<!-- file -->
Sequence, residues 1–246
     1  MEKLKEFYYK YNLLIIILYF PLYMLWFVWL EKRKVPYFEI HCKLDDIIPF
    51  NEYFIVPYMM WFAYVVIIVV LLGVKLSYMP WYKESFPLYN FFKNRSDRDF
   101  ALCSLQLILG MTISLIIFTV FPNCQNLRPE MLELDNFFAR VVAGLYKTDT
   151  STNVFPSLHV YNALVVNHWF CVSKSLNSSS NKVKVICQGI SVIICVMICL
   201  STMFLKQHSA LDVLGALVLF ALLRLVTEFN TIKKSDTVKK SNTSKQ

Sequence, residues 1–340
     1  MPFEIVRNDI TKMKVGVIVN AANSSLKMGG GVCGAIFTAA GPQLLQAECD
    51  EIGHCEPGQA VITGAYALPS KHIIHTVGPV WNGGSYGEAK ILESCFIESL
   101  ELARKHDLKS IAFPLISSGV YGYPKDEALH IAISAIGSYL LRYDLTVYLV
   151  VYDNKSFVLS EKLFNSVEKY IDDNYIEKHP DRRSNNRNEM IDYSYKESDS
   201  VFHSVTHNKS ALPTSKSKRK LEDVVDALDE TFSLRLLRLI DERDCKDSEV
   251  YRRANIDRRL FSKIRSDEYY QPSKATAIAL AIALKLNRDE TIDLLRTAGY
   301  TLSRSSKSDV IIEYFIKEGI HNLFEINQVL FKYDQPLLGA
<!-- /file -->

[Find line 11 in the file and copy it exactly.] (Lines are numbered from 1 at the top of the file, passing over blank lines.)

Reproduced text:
   151  VYDNKSFVLS EKLFNSVEKY IDDNYIEKHP DRRSNNRNEM IDYSYKESDS